Master project of Karl Kästner Computing the Energy Levels of a Confined Hydrogen Atom

Student: Karl Kästner (COSSE student, double degree with KTH Stockholm)

 Research Group Numerical Mathematics Kees Vuik Supervisor at TU-Delft Martin van Gijzen Customer ESA ESTEC, Aerothermodynamics Section, Noordwijk (The Netherlands) Supervisor at ESTEC D. Giordano Project Start January 2012

In March 2012 the Interim Thesis and a presentation has been given.

The Master project has been finished in August 2012 by the completion of the Masters Thesis and a final presentation has been given.

For working address etc. we refer to our alumnipage.

Summary of the master project:

The confined one-electron atom is a popular model in theoretical chemistry and solid-state physics. In most studies, the simplest model of the spherical confinement is treated. The advantage of the spherical confinement model is that analytical expressions are known for the wave functions. However, in many physical situations the spherical confinement model is not realistic. In this study we consider a model for a hydrogen atom that is confined in a box. The energy levels of the hydrogen atom can be computed from the (non-dimensional) Schrödinger equation

In this equation, is the Laplace operator, is the wave function, the energy level, and the distance to the centre of mass. This equation is complemented by homogeneous boundary conditions. Equation 1 plus boundary conditions form an eigenvalue problem, in which is the eigenvalue and the eigenfunction.

Discretisation of 1 leads to an algebraic eigenvalue problem of the form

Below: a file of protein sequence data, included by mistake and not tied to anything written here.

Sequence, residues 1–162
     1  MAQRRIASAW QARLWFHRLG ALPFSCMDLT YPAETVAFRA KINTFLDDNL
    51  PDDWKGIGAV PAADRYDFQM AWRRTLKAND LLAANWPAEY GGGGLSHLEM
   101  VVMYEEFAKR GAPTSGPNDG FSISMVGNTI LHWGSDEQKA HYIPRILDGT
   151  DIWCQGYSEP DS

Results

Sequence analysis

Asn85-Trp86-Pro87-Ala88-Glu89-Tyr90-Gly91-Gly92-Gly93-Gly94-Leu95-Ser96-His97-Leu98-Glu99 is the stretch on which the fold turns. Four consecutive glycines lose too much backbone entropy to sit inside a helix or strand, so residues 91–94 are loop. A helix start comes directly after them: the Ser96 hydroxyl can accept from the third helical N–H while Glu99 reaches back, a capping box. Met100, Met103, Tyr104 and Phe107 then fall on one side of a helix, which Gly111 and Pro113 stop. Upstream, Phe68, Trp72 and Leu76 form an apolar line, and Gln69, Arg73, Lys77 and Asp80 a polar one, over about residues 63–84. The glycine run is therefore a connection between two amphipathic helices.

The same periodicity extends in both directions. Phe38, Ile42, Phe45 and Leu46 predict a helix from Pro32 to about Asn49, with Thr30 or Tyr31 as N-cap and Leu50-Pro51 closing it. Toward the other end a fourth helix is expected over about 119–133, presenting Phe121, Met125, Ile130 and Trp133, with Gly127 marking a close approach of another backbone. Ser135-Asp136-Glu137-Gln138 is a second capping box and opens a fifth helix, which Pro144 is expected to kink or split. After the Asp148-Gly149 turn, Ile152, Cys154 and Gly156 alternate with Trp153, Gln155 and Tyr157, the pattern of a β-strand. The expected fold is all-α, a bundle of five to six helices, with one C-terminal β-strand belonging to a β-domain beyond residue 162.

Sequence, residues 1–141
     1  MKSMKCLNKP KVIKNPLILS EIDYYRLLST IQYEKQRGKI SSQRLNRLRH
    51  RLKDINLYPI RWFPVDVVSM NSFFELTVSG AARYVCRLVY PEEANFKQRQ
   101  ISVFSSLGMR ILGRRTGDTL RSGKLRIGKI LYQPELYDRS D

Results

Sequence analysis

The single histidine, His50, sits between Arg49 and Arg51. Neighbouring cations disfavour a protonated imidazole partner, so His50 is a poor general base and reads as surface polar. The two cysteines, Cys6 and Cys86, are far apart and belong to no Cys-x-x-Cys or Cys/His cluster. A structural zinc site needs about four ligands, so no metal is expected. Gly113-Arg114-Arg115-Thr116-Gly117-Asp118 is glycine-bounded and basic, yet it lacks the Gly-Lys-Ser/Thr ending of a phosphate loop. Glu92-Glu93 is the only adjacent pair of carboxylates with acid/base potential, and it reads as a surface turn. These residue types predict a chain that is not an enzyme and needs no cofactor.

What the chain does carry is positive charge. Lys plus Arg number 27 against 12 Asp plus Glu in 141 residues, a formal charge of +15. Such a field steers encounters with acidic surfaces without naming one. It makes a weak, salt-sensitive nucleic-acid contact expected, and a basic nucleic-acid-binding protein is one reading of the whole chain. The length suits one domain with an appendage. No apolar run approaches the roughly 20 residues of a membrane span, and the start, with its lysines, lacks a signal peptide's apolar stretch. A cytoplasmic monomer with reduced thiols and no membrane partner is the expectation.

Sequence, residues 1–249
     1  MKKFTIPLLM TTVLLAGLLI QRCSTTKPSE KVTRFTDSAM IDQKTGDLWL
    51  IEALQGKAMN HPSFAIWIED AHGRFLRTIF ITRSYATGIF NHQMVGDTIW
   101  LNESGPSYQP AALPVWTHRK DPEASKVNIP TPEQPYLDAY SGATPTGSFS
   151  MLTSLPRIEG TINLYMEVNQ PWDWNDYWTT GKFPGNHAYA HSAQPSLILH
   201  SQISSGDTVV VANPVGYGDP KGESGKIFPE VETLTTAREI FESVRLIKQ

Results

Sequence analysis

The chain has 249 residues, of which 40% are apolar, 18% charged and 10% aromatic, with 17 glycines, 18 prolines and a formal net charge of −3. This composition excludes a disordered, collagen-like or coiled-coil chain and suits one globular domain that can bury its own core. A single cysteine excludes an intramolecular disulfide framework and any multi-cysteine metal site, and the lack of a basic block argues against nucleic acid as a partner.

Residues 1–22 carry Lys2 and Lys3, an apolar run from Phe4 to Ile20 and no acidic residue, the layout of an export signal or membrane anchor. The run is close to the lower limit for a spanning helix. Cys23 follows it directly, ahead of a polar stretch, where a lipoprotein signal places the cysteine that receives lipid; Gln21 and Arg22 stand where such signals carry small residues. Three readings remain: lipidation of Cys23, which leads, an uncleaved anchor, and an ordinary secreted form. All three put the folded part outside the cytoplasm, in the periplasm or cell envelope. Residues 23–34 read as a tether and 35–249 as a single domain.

For realistic calculations, the size of this matrix can be prohibitive.

Hydrogen Wave Functions

Research questions

The main research question is how to compute accurate approximations of a reasonable number of the smallest analytical eigenvalues . To this end the following aspects will be studied:

• Discretisation with the Finite Difference method.
Specific research questions are:
• What is an optimal scaling of the parameters?
• How should the singularity at be taken into account?
• What is the order of convergence of the eigenvalues?

• Solution algorithms for the algebraic eigenvalue problem.
We will consider the following two iterative solution algorithms for solving the eigenvalue problem: Lanczos method and Jacobi-Davidson method. Specific research questions are:
• Lanczos: What is the problems size that can be handled. How reliable are the computed eigenvalues? Can the robustness of the algorithm be improved, for example by selective reorthogonalisation?
• Jacobi-Davidson: What is the problem size that can be handled? How reliable are the computed eigenpairs? What is a good preconditioner for this problem?

• Implementation
An initial implementation will be made using Matlab, with which the above research questions will be studied. Based on the outcomes of this study an algorithm will be selected for implementation on a GPU. Specific research questions are:
• Which algorithm is most promising?
• How can this algorithm be efficiently implemented on a GPU?
• How reliable are the computations?

• Evaluation
The final stage of the research is the evaluation of the software. This stage will evaluate to what extend the main research question has been answered: which realistic problems can be solved with the developed software?

The research will be carried out at the TU Delft, in close collaboration with the European Space Research and Technology Centre (ESTEC), located in Noordwijk.

Contact information: Kees Vuik

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